The Senate Republican drive to pass a sweeping rewrite of the nation's health care laws took another unexpected turn late Monday when the office of Sen. John McCain, R-Ariz., announced he would return to Washington for a planned Tuesday vote.
McCain, who was recently diagnosed with an aggressive form of brain cancer, could provide a critical vote to open debate on the GOP bill. The senator had been recuperating from surgery and exploring treatment options in Arizona.
McCain's announcement came as some Senate GOP leaders expressed confidence in a newly emerging strategy of trying to pass smaller-scale changes to the Affordable Care Act, with an eye toward continue negotiations into the fall.
While it was unclear if McCain's return would improve the chances of the bill clearing a key procedural hurdle as he has expressed concerns about the proposal. But some Republicans were privately abuzz with speculation that leaders might be close to securing the votes they needed to at least keep alive a months-long effort that all but died last week.
Still, the prospects of success were murky at best. President Donald Trump threateningly urged Republican senators to get behind the effort Monday, but his sharp rhetoric produced no new public support. And Republican senators were confused about what kind of measure their own leadership even intended to bring to a vote.
"Senator McCain looks forward to returning to the United States Senate tomorrow to continue working on important legislation, including health care reform, the National Defense Authorization Act, and new sanctions on Russia, Iran and North Korea," McCain's office said in a statement.
Hours earlier at a White House event on Monday afternoon, Trump forcefully encouraged Senate Republicans to vote "yes" on a procedural motion that would allow debate on health care legislation to begin. However, exactly what legislation lawmakers would be debating remained unclear to many of them late Monday.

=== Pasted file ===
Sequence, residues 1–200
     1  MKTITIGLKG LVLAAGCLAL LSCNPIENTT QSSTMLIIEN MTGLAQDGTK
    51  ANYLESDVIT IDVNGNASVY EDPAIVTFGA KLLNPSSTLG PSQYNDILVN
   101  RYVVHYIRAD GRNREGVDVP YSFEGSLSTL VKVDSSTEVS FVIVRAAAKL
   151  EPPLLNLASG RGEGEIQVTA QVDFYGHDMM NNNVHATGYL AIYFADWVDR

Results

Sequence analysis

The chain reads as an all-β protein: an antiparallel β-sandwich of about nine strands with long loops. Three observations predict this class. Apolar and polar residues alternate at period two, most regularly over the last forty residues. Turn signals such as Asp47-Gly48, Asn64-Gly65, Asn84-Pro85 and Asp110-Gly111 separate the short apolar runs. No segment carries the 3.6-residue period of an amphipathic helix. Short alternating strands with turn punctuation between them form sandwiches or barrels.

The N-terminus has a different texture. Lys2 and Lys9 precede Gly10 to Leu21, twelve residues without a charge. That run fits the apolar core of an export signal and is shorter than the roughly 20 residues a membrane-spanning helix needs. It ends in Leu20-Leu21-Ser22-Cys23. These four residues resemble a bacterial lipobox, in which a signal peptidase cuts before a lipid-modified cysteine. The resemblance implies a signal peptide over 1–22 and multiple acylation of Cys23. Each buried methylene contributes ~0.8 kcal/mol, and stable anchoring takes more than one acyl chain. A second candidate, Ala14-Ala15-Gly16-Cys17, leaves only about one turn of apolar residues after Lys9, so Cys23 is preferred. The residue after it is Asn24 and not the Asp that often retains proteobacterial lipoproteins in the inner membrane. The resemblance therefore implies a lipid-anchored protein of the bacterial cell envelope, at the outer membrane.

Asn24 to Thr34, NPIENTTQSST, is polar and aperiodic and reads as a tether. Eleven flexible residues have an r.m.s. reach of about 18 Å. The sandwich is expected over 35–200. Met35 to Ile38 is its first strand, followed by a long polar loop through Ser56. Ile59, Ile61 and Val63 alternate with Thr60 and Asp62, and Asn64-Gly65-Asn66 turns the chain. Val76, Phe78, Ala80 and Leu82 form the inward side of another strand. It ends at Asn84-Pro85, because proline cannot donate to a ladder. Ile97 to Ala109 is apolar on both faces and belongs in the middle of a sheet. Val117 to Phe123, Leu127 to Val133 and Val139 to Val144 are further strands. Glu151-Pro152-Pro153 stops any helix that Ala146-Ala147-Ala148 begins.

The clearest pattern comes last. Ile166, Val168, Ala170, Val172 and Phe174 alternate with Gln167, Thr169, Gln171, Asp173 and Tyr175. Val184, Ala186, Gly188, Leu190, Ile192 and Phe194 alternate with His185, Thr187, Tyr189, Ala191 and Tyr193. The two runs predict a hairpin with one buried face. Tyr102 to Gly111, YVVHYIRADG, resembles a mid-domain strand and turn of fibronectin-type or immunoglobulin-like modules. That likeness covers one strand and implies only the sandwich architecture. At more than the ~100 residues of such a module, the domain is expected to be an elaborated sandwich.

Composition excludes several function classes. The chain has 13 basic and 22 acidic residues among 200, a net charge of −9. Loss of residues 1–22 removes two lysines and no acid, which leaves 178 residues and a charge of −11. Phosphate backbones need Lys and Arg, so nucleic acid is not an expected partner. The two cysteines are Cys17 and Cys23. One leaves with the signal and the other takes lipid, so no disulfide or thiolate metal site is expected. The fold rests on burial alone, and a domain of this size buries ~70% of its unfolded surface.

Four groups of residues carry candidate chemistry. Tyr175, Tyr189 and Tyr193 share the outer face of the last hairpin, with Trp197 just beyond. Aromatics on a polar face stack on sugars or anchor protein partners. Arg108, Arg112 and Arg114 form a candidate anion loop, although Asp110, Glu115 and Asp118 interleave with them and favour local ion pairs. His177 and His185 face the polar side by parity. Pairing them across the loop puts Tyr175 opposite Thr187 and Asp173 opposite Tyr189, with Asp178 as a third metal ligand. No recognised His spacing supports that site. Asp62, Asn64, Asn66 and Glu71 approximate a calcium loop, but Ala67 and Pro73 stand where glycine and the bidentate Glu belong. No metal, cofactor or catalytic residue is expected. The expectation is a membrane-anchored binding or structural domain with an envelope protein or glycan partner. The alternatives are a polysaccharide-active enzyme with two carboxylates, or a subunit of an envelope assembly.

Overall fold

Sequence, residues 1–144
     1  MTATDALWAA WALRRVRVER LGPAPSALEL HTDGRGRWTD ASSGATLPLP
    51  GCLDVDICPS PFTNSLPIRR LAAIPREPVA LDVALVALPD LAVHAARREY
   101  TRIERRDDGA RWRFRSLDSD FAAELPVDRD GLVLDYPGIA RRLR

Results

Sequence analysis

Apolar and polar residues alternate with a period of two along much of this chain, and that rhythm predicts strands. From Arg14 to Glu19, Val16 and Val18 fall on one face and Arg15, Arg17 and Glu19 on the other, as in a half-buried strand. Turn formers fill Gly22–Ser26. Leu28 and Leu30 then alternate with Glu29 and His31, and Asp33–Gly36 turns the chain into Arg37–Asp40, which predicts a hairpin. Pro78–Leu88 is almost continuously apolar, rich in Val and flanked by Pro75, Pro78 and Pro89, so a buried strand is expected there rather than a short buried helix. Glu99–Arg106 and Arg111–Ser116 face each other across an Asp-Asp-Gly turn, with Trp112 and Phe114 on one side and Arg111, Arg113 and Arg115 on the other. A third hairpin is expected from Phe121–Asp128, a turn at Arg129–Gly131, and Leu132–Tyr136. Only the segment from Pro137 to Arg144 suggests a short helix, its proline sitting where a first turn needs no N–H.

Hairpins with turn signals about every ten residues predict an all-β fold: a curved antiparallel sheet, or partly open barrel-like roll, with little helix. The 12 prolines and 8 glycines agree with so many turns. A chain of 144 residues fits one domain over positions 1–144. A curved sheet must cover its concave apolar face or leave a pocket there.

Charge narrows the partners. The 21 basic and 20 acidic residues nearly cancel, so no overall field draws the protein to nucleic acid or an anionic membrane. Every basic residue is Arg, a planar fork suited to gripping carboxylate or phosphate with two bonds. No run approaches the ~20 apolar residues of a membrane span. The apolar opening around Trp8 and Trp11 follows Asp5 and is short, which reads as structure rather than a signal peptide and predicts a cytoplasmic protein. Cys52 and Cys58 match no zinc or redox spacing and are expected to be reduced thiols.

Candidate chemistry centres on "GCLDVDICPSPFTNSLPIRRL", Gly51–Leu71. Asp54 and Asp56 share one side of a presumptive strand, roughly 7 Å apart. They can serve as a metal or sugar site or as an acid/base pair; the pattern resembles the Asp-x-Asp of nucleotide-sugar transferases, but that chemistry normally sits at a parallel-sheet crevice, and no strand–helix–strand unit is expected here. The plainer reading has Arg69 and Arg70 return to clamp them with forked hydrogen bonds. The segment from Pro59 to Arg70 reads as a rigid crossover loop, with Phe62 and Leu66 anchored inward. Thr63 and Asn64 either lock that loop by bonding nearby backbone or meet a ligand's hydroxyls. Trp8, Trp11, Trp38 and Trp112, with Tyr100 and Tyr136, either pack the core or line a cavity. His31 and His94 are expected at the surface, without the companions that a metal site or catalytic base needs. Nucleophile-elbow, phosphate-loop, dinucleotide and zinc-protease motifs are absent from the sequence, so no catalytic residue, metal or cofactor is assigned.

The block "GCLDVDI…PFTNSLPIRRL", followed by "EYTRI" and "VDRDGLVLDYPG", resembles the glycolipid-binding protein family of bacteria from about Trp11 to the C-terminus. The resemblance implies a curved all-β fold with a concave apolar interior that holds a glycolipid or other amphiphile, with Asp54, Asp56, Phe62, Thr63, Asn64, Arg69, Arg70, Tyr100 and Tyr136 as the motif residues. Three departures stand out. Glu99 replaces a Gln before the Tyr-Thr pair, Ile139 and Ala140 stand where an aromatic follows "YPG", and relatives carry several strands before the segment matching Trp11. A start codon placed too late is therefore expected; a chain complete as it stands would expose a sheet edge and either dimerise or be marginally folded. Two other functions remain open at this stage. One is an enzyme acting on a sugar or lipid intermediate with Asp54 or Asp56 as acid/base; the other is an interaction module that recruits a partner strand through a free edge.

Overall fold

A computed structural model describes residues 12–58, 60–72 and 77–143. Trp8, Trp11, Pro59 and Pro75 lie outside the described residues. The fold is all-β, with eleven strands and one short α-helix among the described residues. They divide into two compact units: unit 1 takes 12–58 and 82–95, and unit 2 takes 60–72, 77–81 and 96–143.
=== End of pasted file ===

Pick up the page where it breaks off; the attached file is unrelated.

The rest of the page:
In a West Virginia speech before the National Boy Scout Jamboree later on, Trump sought to pressure Sen. Shelley Moore Capito, R-W.Va., by saying, "You better get Senator Capito to vote for it," referring to his health and human services secretary, Tom Price, who was with him. Trump also quipped that he would fire Price if he did not round up enough votes.
"As the Scout law says, a Scout is trustworthy, loyal - we could use some more loyalty, I can tell you that," Trump said in a day that was filled with thinly veiled barbs at Republicans who have failed to advance the health care revamp.
Revered on both sides of the aisle, the news that McCain has brain cancer cast a pall over the Capitol last week and his return is sure to provide a morale boost for colleagues in both parties.
But most immediately, McCain may provide a critical vote in support of beginning formal debate on the health care bill. Republican leaders openly discussed the possibility of McCain's return with reporters on Monday during an evening vote.
"I'm pretty confident we'll get on the bill even without John, " Sen. John Cornyn, R-Texas, the chamber's lead GOP vote-counter, told reporters.
Sen. Susan Collins, R-Maine, said she spoke with McCain on Saturday and that her frequent collaborator was eager to get back to work.
"It is just extraordinary how upbeat he is and how accepting of his diagnosis - it was truly inspirational to talk with him," she said. "I have a feeling that if there's any way he can be back, he will be here - whether his doctors like it. It just reminds me of what an extraordinarily brave person he is."
Without McCain, Senate Majority Leader Mitch McConnell, R-Ky., could only have afforded one GOP defection. Multiple Republican senators have raised objections to each health care proposal that has been offered, leaving McConnell and Trump in a very difficult spot.
"There is still time to do the right thing," Trump said at the White House on Monday. He added a word of warning: "Any senator who votes against starting debate is telling Americans that you are fine with the Obamacare nightmare."
Vice President Pence is also lobbying heavily for wary senators to pass a health care overhaul and was spotted heading toward McConnell's Capitol Hill office late Monday afternoon as votes were getting underway.